With all the noise (Twitter, Facebook, CNN, et al) coming out of Iran amid the protests over the presidential elections, newspapers are working hard to provide a sense of what it all means by filtering, curating and adding perspective and insight.
Of course, providing this kind of reporting takes trained talent and, if you’re the New York Times, a bureau in Tehran. There’s clearly value in giving people the facts in a well-written and insightful package to stand out from all the coverage provided by social media. Jeff Jarvis has a blog post looking at how newspapers are adding value in the “new news ecosystem”.
What Jarvis doesn’t mention is the cost involved for newspapers to provide this kind of coverage. It’s expensive to have bureaus around the world, and having talented reporters who can quickly and intelligently provide news with perspective can be expensive as well.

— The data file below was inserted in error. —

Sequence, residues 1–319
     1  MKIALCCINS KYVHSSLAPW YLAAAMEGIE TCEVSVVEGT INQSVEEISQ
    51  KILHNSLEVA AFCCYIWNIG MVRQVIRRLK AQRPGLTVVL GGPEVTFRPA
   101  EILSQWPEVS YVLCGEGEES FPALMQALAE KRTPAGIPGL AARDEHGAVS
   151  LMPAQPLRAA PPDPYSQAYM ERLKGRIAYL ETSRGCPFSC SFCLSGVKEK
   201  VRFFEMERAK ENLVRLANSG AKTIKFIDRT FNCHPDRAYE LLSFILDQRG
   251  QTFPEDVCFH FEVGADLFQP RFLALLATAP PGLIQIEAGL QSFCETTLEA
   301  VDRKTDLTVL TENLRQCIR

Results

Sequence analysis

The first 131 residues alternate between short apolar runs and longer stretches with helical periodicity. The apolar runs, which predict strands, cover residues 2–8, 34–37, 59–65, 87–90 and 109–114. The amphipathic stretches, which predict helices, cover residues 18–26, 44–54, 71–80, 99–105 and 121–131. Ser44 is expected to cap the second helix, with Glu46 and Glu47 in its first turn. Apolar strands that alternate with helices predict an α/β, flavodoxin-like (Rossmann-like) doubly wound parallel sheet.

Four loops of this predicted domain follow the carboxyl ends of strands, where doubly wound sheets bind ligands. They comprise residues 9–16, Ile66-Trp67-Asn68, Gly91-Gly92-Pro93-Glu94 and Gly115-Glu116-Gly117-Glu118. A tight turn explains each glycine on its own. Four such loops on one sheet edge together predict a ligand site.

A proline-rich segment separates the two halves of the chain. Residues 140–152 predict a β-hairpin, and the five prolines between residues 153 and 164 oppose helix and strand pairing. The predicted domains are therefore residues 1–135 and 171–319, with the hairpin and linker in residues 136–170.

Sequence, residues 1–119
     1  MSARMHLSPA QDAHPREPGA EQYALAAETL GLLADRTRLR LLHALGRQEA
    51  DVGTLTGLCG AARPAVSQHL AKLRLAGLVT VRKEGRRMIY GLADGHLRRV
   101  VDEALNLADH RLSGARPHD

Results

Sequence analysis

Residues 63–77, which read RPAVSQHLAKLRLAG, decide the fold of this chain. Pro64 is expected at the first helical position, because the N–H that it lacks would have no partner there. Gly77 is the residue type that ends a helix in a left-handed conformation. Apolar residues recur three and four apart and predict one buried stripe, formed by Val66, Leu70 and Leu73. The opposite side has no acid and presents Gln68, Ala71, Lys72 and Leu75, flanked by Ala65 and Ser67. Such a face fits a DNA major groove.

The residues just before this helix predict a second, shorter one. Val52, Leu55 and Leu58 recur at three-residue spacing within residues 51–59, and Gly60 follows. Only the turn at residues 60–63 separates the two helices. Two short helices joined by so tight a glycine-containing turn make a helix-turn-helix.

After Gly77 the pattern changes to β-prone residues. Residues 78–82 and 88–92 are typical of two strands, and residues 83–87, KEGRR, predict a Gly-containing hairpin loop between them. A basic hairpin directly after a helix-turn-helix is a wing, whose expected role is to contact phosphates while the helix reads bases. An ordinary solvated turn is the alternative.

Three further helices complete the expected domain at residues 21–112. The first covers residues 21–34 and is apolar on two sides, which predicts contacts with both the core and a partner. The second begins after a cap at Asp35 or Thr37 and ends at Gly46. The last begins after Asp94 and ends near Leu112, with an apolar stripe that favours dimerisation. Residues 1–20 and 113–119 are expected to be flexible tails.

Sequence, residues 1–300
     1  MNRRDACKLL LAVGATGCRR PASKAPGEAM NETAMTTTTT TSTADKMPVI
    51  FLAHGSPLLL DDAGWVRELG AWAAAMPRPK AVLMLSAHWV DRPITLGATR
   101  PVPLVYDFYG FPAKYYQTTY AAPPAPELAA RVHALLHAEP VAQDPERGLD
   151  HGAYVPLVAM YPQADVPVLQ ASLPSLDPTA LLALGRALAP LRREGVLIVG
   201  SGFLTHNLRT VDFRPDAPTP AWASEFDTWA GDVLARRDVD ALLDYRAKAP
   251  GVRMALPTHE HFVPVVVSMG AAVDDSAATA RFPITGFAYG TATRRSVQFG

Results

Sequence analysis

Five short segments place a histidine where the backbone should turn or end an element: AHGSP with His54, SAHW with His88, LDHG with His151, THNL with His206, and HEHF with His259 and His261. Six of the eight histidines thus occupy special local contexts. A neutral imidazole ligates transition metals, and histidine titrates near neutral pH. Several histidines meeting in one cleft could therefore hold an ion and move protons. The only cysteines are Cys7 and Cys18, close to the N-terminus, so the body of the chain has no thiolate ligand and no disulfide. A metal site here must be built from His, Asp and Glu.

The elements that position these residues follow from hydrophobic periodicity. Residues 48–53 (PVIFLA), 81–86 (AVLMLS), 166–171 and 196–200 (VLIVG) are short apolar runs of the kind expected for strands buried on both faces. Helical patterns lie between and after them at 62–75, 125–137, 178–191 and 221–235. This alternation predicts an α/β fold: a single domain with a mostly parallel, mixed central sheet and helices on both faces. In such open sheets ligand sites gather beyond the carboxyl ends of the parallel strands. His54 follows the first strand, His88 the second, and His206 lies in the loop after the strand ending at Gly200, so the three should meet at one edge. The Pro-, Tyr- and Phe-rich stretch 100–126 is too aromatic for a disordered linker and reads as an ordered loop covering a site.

So, the question is how can newspapers provide the kind of coverage coming out of Iran that fits into the new news financial model? With advertising revenue declining and newsrooms getting smaller, how do newspapers do what they need to do. As Jarvis suggests, some of it has to do with building a network of sources and citizen journalists that can be accessed to gain the kind of information for the new news ecosystem – something that good reporters develop over time.
This would let a small team of good reporters to produce the kind of stories that would not be available elsewhere – giving newspapers the ability to stand and deliver at a cost that makes sense.